Subject tires have, at the time of importation, the symbol “DOT” on the sidewall, certifying that the tire conforms to applicable motor vehicle safety standards. Subject tires may also have one of the following suffixes in their tire size designation, which also appear on the sidewall of the tire:

TR—Identifies tires for service on trucks or buses to differentiate them from similarly sized passenger car and light truck tires; and

HC—Identifies a 17.5 inch rim diameter code for use on low platform trailers.

All tires with a “TR” or “HC” suffix in their size designations are covered by the scope regardless of their intended use.

In addition, all tires that lack one of the above suffix markings, as well as all tires that include any other prefix or suffix in their sidewall markings, are included in the scope, regardless of their intended use, as long as the tire is of a size that fits trucks or buses. Sizes that fit trucks and buses include, but are not limited to, the numerical size designations listed in the “Truck-Bus” section of the Tire and Rim Association Year Book, as updated annually. The scope includes all tires that are of a size that fits trucks or buses, unless the tire falls within one of the specific exclusions set out below.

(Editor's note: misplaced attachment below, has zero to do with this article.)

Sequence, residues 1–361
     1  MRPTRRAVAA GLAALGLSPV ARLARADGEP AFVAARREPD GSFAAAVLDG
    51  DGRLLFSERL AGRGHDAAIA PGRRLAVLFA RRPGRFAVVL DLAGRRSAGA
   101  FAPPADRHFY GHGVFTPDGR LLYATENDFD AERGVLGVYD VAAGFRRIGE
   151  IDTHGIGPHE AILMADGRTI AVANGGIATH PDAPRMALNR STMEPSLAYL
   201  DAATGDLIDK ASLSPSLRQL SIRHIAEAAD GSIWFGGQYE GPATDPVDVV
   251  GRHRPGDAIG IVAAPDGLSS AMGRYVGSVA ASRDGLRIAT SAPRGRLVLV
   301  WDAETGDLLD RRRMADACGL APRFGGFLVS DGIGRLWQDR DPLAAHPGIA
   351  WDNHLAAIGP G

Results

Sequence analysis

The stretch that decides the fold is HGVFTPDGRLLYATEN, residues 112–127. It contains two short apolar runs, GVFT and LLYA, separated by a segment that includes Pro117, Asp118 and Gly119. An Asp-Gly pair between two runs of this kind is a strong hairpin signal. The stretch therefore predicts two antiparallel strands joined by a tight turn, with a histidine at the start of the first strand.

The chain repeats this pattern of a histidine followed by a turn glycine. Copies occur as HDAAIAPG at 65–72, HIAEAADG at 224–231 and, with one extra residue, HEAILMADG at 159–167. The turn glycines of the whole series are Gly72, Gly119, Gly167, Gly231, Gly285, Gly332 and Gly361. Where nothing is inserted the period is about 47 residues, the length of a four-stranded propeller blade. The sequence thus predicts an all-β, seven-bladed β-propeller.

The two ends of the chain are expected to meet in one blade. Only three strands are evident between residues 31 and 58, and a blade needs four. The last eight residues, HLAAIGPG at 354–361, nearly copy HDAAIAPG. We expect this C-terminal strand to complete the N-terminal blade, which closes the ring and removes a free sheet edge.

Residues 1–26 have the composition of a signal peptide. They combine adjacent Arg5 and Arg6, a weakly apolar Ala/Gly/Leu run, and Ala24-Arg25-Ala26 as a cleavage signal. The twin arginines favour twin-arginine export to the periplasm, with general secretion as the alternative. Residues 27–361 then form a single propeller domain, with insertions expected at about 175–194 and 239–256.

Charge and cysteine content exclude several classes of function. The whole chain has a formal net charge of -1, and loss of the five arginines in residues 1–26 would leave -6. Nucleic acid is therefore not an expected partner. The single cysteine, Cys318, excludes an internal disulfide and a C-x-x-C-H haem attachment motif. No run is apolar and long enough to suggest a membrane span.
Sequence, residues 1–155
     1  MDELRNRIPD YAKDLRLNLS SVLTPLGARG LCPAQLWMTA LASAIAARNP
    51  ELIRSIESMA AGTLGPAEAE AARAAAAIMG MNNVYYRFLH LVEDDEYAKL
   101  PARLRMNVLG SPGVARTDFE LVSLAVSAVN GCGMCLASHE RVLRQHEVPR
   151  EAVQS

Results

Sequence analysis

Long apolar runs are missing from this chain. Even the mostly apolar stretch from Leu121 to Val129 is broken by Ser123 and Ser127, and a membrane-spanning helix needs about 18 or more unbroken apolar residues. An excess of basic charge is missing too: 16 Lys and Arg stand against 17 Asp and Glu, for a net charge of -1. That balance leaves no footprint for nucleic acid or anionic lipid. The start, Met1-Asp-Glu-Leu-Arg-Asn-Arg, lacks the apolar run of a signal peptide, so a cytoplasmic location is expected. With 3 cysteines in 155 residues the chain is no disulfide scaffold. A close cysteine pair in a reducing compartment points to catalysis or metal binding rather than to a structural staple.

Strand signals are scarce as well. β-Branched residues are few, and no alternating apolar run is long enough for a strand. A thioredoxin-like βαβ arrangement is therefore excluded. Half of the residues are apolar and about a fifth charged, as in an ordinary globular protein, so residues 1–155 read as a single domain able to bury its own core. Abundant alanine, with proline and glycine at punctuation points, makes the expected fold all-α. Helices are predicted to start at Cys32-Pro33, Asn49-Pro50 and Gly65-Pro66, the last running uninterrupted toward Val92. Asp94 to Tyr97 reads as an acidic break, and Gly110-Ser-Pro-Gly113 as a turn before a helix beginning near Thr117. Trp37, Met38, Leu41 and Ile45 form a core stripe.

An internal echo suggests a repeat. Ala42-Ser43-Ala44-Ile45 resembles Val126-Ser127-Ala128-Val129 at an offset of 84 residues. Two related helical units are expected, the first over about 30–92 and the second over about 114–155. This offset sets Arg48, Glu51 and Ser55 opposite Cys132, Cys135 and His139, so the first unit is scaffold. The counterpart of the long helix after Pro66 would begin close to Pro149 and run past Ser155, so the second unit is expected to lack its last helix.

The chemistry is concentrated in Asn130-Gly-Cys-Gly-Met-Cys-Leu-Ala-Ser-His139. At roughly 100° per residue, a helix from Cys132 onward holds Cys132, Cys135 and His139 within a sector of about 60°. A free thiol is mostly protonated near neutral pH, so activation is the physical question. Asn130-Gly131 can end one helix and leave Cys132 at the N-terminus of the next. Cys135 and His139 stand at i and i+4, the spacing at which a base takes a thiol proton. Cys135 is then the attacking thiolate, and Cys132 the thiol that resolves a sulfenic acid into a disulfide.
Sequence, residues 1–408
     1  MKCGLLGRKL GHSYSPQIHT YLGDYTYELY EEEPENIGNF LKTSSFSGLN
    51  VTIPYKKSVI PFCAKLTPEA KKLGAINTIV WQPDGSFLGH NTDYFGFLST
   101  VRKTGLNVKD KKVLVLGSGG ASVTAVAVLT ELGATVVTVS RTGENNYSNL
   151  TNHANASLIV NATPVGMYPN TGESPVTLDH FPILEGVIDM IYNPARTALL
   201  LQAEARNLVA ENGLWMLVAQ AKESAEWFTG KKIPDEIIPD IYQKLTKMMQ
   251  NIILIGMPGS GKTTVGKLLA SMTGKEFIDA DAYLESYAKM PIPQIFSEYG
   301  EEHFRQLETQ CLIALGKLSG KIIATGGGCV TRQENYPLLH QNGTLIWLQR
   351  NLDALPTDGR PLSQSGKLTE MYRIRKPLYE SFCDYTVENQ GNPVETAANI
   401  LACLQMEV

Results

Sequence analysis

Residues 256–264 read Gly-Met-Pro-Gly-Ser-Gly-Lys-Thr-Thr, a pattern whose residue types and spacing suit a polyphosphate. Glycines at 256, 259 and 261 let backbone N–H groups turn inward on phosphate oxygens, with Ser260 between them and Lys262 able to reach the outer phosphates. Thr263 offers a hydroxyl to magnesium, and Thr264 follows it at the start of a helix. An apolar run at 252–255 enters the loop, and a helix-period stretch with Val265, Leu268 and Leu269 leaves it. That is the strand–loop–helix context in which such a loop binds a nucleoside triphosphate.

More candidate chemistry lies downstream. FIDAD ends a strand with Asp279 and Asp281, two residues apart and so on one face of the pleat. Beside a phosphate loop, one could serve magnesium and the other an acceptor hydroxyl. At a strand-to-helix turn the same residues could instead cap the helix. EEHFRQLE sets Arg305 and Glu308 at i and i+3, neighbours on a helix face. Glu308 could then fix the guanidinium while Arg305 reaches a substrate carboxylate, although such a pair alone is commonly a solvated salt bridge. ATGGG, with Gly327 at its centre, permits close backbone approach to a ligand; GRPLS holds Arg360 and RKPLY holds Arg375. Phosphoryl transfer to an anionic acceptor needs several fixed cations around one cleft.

Truck and bus tires, whether or not mounted on wheels or rims, are included in the scope. However, if a subject tire is imported mounted on a wheel or rim, only the tire is covered by the scope. Subject merchandise includes truck and bus tires produced in the subject country whether mounted on wheels or rims in the subject country or in a third country. Truck and bus tires are covered whether or not they are accompanied by other parts, e.g., a wheel, rim, axle parts, bolts, nuts, etc. Truck and bus tires that enter attached to a vehicle are not covered by the scope.

Specifically excluded from the scope are the following types of tires: (1) Pneumatic tires, of rubber, that are not new, including recycled and retreaded tires; (2) non-pneumatic tires, such as solid rubber tires; and (3) tires that exhibit each of the following physical characteristics: (a) The designation “MH” is molded into the tire’s sidewall as part of the size designation; (b) the tire incorporates a warning, prominently molded on the sidewall, that the tire is for “Mobile Home Use Only;” and (c) the tire is of bias construction as evidenced by the fact that the construction code included in the size designation molded into the tire’s sidewall is not the letter “R.”

The subject merchandise is currently classifiable under Harmonized Tariff Schedule of the United States (“HTSUS”) subheadings: 4011.20.1015 and 4011.20.5020. Tires meeting the scope description may also enter under the following HTSUS subheadings: 4011.90.10, 4011.90.20, 4011.90.80, 8708.70.45, 8708.70.60, and 8716.90.5059. While HTSUS subheadings are provided for convenience and for customs purposes, the written description of the subject merchandise is dispositive.